GovernanceEdit

The parish and built-up area had a population of 786 at the 2011 Census,[32] which had dropped to 706 by the time of the 2011 Census.[1] The ward had a population of 1,501 in 2011.[33] The area is represented at Parliament under the North Devon.[34]

Notable peopleEdit

Instow features prominently in the 1919 novel Last of the Grenvilles by Frederick Harcourt Kitchin (under his pseudonym, Bennett Copplestone)

Bus servicesEdit

Instow is served by frequent Stagecoach services 21/21A between Georgeham/Ilfracombe, Barnstaple, Bideford and Westward Ho!/Appledore daily.[39] These connect at Barnstaple with trains to Exeter and buses towards Exeter and Tiverton and at Bideford with buses towards Okehampton, Holsworthy and Hartland. Instow is also served by Stagecoach service 5B between Barnstaple, Bideford, Torrington, Winleigh, Crediton and Exeter and National Express coach services to London, Heathrow Airport, Taunton, Bristol and Birmingham.[40]

Ferry serviceEdit

 
Panoramic view of Instow Beach

During summer a ferry service operates across the Torridge estuary from Instow Quay to Appledore slipway.[41] The service runs two hours either side of high tide. Aimed both at locals and users of the Tarka Trail / South West Coast Path this has been operated in recent times as a not-for-profit service on days when water levels in the estuary have been high enough.

ReferencesEdit

  1. ^ a b UK Census (2011). "Local Area Report – Instow Parish (E04003096)". Nomis. Office for National Statistics. Retrieved 3 November 2022.
  2. ^ "Sand Dunes" (PDF). North Devon District Council. p. 1. Archived from the original (PDF) on 27 September 2011. Retrieved 1 September 2009.
  3. ^ "All Saints Chapel and Community Centre". A Church Near You. Retrieved 1 November 2019.
  4. ^ "Instow | Domesday Book". opendomesday.org. Retrieved 3 November 2022.
  5. ^ "Instow :: Survey of English Place-Names". epns.nottingham.ac.uk. Retrieved 3 November 2022.
  6. ^ Hesketh, Robert (2008). Devon place names. Launceston: Bossiney. p. 22. ISBN 1899383980.
  7. ^ Stanes, Robin (1986). A history of Devon. Chichester, Sussex: Phillimore. p. 35. ISBN 0850335280.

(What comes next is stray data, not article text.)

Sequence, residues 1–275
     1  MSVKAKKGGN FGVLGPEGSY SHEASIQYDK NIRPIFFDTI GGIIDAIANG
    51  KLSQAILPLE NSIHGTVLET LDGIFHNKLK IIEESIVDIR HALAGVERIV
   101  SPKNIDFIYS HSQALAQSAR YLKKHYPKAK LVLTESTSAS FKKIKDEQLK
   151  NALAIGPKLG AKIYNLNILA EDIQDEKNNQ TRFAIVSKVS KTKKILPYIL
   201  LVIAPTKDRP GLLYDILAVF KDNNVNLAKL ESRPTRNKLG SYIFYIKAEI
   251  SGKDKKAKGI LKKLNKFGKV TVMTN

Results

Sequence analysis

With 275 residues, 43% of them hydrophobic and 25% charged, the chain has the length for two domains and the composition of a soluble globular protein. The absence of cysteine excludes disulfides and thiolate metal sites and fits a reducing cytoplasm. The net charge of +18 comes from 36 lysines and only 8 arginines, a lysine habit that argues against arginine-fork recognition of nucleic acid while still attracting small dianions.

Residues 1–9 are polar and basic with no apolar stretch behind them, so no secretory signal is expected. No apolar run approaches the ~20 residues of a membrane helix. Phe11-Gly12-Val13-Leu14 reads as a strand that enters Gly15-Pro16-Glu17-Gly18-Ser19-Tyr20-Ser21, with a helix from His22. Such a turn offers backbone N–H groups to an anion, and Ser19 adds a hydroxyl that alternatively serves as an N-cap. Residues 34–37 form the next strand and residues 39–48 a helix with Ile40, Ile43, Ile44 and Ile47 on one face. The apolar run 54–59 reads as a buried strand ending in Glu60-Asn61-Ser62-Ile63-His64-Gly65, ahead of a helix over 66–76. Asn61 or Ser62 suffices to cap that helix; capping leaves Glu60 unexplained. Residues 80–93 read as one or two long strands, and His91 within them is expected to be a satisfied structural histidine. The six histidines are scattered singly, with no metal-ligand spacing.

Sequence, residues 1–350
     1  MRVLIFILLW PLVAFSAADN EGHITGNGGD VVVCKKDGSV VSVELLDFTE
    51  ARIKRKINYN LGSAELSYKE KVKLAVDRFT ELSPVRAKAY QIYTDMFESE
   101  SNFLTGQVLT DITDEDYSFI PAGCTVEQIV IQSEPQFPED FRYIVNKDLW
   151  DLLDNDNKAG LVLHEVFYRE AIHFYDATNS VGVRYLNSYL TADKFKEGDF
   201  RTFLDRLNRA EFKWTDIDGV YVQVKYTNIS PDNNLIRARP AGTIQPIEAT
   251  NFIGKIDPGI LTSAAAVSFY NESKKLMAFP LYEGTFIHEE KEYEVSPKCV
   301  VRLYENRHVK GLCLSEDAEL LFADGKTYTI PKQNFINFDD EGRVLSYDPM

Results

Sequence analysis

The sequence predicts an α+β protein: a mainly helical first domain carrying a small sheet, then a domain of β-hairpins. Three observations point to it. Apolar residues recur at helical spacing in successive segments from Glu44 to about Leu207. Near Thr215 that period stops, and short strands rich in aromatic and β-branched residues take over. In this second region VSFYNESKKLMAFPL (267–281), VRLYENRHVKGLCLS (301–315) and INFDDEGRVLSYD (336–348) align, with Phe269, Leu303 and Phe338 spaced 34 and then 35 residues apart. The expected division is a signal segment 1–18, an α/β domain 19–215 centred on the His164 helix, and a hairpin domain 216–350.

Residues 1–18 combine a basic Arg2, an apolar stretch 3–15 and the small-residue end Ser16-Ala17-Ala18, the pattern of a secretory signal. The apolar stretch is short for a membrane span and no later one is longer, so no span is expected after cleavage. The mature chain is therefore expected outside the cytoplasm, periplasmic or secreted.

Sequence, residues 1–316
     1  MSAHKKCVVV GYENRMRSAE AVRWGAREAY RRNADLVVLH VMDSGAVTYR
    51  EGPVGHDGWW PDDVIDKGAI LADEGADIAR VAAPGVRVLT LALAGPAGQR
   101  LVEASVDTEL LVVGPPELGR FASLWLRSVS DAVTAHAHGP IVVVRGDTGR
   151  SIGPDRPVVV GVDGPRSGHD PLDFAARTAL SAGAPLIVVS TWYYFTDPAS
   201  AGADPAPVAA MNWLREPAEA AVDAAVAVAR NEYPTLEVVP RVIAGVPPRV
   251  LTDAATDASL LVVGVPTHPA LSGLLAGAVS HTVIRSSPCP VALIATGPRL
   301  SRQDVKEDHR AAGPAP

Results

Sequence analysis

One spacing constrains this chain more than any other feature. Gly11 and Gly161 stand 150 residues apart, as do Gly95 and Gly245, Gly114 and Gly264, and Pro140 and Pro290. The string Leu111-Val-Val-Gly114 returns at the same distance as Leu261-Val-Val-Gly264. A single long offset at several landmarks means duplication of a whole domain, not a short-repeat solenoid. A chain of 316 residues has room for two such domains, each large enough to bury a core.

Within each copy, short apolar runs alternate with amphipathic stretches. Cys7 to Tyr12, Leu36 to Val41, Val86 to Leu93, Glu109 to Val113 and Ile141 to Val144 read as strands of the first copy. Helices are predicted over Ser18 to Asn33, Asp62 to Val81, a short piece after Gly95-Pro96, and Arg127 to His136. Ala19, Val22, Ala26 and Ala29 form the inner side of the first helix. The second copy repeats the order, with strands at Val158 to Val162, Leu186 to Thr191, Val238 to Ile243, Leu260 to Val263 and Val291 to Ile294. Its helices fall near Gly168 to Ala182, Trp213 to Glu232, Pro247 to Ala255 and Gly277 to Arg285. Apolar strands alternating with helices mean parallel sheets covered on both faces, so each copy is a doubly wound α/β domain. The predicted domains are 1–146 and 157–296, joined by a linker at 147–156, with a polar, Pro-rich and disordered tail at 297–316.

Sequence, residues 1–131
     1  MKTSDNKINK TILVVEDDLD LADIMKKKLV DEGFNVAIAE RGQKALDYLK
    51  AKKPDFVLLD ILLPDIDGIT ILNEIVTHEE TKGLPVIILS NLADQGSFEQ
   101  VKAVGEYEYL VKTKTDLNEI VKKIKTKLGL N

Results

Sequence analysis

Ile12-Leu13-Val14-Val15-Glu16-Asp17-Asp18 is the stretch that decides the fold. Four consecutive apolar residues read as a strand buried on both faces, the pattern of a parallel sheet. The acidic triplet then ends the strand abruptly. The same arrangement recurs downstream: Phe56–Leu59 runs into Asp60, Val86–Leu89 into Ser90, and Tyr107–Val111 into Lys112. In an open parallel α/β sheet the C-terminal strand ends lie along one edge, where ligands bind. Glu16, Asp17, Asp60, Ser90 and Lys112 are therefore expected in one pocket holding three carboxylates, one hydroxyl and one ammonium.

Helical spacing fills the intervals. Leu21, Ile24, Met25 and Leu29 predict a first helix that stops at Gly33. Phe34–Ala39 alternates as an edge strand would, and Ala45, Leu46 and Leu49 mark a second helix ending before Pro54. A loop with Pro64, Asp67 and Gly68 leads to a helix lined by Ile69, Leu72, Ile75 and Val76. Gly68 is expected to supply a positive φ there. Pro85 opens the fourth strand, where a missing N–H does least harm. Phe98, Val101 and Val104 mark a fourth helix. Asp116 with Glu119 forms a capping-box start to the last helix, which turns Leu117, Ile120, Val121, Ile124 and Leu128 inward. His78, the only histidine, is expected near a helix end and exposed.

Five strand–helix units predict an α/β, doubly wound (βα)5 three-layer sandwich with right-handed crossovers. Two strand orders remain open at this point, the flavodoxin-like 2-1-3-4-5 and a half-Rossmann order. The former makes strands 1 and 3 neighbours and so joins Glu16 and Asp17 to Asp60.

8. ^ Lauder, Rosemary Anne (1982). Villages of North Devon. Bideford: Badger. p. 30. ISBN 0946290008.
  9. ^ "Instow". maps.nls.uk. Retrieved 3 November 2022.
  10. ^ Historic England. "Church of St John the Baptist (Grade I) (1107600)". National Heritage List for England. Retrieved 3 November 2022.
  11. ^ "Genuki: Instow, Devon". www.genuki.org.uk. Retrieved 3 November 2022.
  12. ^ "Parishes: Ide - Jacobstow | British History Online". www.british-history.ac.uk. Retrieved 3 November 2022.
  13. ^ Kelly's Directory of Devonshire. London: Kellys Directories. 1889. p. 274. OCLC 1131686133.
  14. ^ Lauder, Rosemary Anne (1982). Villages of North Devon. Bideford: Badger. p. 28. ISBN 0946290008.
  15. ^ Historic England. "Instow Quay Jetty (Grade II) (1107594)". National Heritage List for England. Retrieved 3 November 2022.
  16. ^ Lauder, Rosemary Anne (1982). Villages of North Devon. Bideford: Badger. p. 29. ISBN 0946290008.
  17. ^ McDonald, Pat, ed. (1990). The Devon village book. Newbury: Published jointly by Countryside and the D.F.W.I. p. 125. ISBN 185306078X.
  18. ^ Andrews, Robert (2013). The rough guide to Devon & Cornwall (5 ed.). London: Rough Guides. p. 191. ISBN 9781409361121.
  19. ^ "Devon & Dartmoor HER". www.heritagegateway.org.uk. Retrieved 3 November 2022.
  20. ^ Thomas, David St John (1981). The West country (5 ed.). Newton Abbot: David & Charles. p. 97. ISBN 0-7153-8210-1.
  21. ^ Clark, Daniel (7 February 2021). "Devon and Cornwall's lost and abandoned railways - and how some will return to life - Some of these lost railway routes could be restored". infoweb.newsbank.com. Retrieved 3 November 2022.
  22. ^ "Instow signalbox". www.bidefordrailway.co.uk. Retrieved 3 November 2022.
  23. ^ "Bathing water quality". Environment Agency. 15 October 2012. Archived from the original on 24 December 2012.
  24. ^ "Instow Beach Bathing Water Profile" (PDF). Environment Agency. February 2011. Archived from the original (PDF) on 16 December 2012.
  25. ^ Elliott, Valerie (24 August 2007). "One in eight beaches polluted by flood sewage". The Times. No. 69099. p. 27. ISSN 0140-0460.
  26. ^ "Instow Beach | Visit Devon". www.visitdevon.info. Retrieved 3 November 2022.
  27. ^ Woodman, Richard; Wilson, Jane (2002). The Lighthouses of Trinity House. Bradford-on-Avon, Wilts.: Thomas Reed. p. 207.
  28. ^ "Lighthouse management : the report of the Royal Commissioners on Lights, Buoys, and Beacons, 1861, examined and refuted Vol. 2". pp. 94–95.
  29. ^ "Instow Rear Lighthouse". Trinity House. Retrieved 28 May 2019.
  30. ^ "Instow Front Lighthouse". Trinity House. Retrieved 28 May 2019.
  31. ^ "Royal Marines amphibious trials base remembers D-Day". Royal Navy. 10 May 2019. Retrieved 3 November 2022.
  32. ^ UK Census (2001). "Local Area Report – Instow Parish (18UE031)". Nomis. Office for National Statistics. Retrieved 3 November 2022.
  33. ^ UK Census (2011). "Local Area Report – Instow Ward (as of 2011) (E05003549)". Nomis. Office for National Statistics. Retrieved 3 November 2022.
  34. ^ "Instow CP". www.ordnancesurvey.co.uk. Retrieved 3 November 2022.
  35. ^ Australian Dictionary of Biography
  36. ^ Instow War Memorial
  37. ^ Foot, David (28 October 2009). "David Shepherd obituary". The Guardian. Retrieved 15 November 2020.
  38. ^ Gray, Anne (7 May 2012). "Norah Simpson: Biography". Design and Art Australia Online. Retrieved 30 October 2012.
  39. ^ "Stagecoach Bus Timetable". Stagecoachbus.com. Retrieved 21 May 2021.
  40. ^ Andrews, Robert (2013). The rough guide to Devon & Cornwall (5 ed.). London: Rough Guides. p. 180. ISBN 9781409361121.
  41. ^ Philip's street atlas Devon. London: Philip's. 2008. p. 15. ISBN 9780540094943.

External linksEdit